Soviet Deputies Grapple With Radical New Plan
PRESIDENT Mikhail Gorbachev and republican leaders pushed ahead with a proposal to rebuild the Soviet Union from the bottom up on Sept. 3, despite rising voices of opposition to their plans from the Congress of Peoples' Deputies.Speaking at the Congress, Russian President Boris Yeltsin said there should be no delay in overhauling union structures. At the same time, he reassured republican leaders Russia did not seek to dominate a new confederation. "The Russian state, which has chosen democracy and freedom, won't be either an empire or older or younger brother," Mr. Yeltsin says. "It will be an equal among equals." Yeltsin stressed the need to preserve a single economic entity, adding that all 15 republics were ready to sign an economic agreement. He called for the preservation of the unified armed forces but insisted on military reforms and defense cuts. Human rights also topped his priorities. The powerful Russian leader warned that conservatives could still try to remove Mr. Gorbachev. "We must not rule out attempts at doing this at the Congress, using constitutional means," he told reporters, according to the Tass news agency. Republican delegations backed the reorganization plan Sept. 2, after it was introduced by Kazakh-stan President Nursultan Nazarbayev. Opponents were silent, apparently caught off guard. "Many deputies were in shock and didn't understand what was going on," Semyon Platon, a deputy from Moldavia, said of the developments. "But the conservatives now have had time to think.... There will be very sharp discussions." The Congress is comprised mostly of conservative legislators, elected in 1989, who do not necessarily represent the political mood in the country. The core opposition appeared to be mounting a counterattack Sept. 3, questioning the constitutionality of the proposed changes.
Attack applauded Byelorussian deputy Alexander Zhuravlev was widely applauded after attacking the plan, playing on some deputies' fears that they may be unemployed after its adoption. "You will cease to be deputies a few days after the union treaty is signed," Mr. Zhuravlev said. "It is impossible to be deputies of a nonexistent country." The plan, worked out by Gorbachev and leaders of 11 republics Sept. 1, would destroy the Soviet Union in order to prevent chaos. Under the program, republics would be "free to choose the form of participation [in the new union]: federation, confederation, associate member, or member of economic union," Yeltsin said. In addition to the signing of an economic agreement linking all 15 republics, the parliament would be replaced with an organization comprising 20 representatives from each republic. A new state council, acting as a collective presidency, would make executive decisions concerning internal and foreign affairs of interest to all republics.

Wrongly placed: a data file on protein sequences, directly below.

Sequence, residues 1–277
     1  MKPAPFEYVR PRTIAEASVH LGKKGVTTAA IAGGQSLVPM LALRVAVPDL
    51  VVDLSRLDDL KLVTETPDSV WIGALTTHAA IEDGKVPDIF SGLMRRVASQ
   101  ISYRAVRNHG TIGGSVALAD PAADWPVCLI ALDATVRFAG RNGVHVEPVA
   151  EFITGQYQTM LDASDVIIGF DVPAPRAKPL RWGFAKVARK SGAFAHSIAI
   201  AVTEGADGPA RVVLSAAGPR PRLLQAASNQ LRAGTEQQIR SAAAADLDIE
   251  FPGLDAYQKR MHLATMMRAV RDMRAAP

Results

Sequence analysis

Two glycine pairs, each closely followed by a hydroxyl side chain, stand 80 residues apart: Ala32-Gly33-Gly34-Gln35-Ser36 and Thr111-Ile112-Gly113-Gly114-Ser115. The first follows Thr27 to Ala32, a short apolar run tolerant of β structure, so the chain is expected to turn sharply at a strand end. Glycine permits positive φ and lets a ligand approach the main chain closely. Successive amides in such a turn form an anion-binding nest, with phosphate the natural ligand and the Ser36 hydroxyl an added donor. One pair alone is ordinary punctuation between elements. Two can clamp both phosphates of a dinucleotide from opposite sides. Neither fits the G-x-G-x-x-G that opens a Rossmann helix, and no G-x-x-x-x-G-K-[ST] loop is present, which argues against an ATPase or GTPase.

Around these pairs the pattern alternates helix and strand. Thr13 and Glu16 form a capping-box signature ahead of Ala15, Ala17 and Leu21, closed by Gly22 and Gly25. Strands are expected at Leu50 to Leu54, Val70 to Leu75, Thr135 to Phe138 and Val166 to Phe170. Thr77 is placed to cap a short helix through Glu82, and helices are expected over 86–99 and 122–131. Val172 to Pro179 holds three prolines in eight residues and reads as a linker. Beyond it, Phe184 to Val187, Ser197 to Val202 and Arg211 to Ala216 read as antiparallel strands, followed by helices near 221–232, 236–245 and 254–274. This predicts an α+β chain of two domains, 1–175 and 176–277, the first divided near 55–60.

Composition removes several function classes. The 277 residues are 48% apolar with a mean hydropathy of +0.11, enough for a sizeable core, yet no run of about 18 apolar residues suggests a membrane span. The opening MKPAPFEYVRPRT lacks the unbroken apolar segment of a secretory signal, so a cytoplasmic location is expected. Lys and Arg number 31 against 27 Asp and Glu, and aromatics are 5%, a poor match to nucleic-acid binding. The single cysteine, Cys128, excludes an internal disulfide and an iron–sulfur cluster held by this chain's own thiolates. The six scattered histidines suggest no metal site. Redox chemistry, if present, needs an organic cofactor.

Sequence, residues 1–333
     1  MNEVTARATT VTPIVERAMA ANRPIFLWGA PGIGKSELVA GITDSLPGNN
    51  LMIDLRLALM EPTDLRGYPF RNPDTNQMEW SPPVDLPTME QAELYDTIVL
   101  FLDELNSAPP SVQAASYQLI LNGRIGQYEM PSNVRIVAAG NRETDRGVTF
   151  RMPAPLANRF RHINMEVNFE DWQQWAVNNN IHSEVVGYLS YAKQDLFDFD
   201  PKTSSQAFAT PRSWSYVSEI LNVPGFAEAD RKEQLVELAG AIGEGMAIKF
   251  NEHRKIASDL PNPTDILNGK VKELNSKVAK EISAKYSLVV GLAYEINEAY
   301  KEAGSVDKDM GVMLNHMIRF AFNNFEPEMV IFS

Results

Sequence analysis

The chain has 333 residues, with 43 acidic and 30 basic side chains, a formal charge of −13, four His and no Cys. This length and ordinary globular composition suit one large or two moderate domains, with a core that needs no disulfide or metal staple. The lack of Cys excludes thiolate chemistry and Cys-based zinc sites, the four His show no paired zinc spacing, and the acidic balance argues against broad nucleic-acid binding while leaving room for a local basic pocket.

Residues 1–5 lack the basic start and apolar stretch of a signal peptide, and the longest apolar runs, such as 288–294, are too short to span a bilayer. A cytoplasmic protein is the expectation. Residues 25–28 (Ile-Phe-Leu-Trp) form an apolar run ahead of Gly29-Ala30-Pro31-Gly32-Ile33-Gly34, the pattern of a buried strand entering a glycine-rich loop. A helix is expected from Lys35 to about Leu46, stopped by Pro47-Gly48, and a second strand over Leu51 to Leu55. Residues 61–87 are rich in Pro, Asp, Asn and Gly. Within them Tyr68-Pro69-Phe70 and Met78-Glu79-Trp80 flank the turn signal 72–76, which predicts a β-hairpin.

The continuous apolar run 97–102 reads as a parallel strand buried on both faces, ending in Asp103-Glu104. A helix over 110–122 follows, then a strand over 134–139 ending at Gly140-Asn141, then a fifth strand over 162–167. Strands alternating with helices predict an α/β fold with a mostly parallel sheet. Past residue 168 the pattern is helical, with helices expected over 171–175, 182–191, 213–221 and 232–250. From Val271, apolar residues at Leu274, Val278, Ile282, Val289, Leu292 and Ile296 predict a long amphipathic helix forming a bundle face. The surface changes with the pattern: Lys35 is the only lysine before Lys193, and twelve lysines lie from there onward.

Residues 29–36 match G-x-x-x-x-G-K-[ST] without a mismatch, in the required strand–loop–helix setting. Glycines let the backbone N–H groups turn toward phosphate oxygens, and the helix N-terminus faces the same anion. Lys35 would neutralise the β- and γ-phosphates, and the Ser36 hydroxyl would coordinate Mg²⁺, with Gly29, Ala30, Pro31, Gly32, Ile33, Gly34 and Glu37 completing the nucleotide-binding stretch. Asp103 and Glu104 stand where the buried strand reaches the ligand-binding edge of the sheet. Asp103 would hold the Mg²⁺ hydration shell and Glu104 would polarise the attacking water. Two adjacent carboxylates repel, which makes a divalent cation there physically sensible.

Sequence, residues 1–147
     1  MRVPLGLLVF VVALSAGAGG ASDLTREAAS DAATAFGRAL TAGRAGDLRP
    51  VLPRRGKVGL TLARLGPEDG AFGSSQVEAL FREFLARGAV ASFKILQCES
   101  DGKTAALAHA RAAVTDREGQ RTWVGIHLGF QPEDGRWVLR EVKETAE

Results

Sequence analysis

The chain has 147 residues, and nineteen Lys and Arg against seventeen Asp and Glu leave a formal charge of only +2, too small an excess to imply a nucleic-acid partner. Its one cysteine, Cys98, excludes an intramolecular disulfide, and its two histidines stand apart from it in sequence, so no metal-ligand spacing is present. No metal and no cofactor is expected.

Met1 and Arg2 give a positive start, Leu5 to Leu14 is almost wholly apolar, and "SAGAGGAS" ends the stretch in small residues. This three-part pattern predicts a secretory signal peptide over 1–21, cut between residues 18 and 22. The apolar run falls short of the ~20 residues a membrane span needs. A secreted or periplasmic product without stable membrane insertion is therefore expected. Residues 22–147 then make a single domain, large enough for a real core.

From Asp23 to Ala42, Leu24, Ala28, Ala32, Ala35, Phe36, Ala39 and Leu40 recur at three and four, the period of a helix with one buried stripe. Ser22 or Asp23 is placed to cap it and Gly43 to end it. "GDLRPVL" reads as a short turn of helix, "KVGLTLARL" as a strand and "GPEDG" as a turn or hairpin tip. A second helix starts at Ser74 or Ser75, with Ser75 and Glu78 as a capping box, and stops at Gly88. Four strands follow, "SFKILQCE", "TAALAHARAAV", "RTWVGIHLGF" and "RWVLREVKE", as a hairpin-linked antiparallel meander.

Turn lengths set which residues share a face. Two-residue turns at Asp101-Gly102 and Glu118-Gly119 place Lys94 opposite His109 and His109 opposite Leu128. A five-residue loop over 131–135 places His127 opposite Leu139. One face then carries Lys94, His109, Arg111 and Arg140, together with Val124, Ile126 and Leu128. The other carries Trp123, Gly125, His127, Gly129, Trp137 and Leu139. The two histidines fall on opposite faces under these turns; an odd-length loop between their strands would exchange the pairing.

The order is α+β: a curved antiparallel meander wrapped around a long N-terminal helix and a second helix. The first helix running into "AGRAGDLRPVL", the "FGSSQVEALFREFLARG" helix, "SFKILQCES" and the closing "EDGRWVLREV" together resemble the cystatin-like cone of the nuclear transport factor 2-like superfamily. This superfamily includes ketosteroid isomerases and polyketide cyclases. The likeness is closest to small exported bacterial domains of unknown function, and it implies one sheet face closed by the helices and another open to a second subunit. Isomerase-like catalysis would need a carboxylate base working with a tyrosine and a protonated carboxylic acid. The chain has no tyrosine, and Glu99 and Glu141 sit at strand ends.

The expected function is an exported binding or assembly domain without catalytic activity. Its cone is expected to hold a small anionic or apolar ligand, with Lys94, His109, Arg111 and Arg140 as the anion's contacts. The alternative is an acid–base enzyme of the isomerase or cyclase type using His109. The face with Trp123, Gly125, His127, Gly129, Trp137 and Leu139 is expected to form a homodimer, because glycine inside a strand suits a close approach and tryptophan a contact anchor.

Power to republics The new proposals reflect the desire of many republican leaders, particularly Yeltsin, to make the republics the ultimate source of authority. It differs substantially from the Gorbachev-devised union treaty, which was never signed because of the coup. Under that plan, the Kremlin would have remained supreme, while the republics would have enjoyed a limited increase in authority. "In the new conditions, the sense of the central structures lies in coordination and not in the giving of commands and orders," Yeltsin says. "The republics are the major source of stabilization." The proposed reorganization has not only conservatives but also some democrats voicing apprehension. For example, the leading liberal newspaper, Komsomolskaya Pravda, carried commentary Sept. 3 with the headline "First the putsch - now the coup," a reference to last month's failed power-grab. "We should learn some very simple lessons," the newspaper commentary said. "It is impossible to build a law-governed state using illegal methods." Many supporters of the plan don't dispute the fact it violates the Constitution, but add such action can be excused given the nature of the political and economic crisis the nation is facing. "Of course it's unconstitutional, but our Constitution was a constitution of slavery, and we now live in a free country," said Svyatislav Fyodorov, a leading liberal deputy. The Congress voted on Sept. 2 to accept the plan as the basis for discussion, but contrary to earlier reports, the plan has yet to be approved in principle. Some prominent democrats said the plan could still be defeated. "Even if they don't have a majority, they have enough votes to sabotage any decision," said Leningrad Mayor Anatoly Sobchak, referring to the conservatives. Levon Ter-Petrosyan, chair-man of the parliament in the republic of Armenia, said getting a two-thirds majority for constitutional changes could be difficult. Even if the the reorganization is approved, some adjustments could likely be made to the plan. Some deputies from Russia and the Ukraine say the provision granting equal representation in the future national governing body was unfair.
New opposition expected Some deputies also expected opposition to grow to granting independence to republics such as the Baltics. The independence issue was on the agenda, but Endel Lippmaa, a representative from Estonia, said the Congress might balk at making a final decision. "A vote isn't necessary," Mr. Lippmaa said. "Gorbachev should sign a presidential decree recognizing Baltic independence. That would be in everyone's best interests." While debate on the program was proceeding at the Congress, the disintegration of the union continued. Nagorno-Karabakh, the mainly Armenian area of Azerbaijan, declared independence from the republic Sept. 2. 11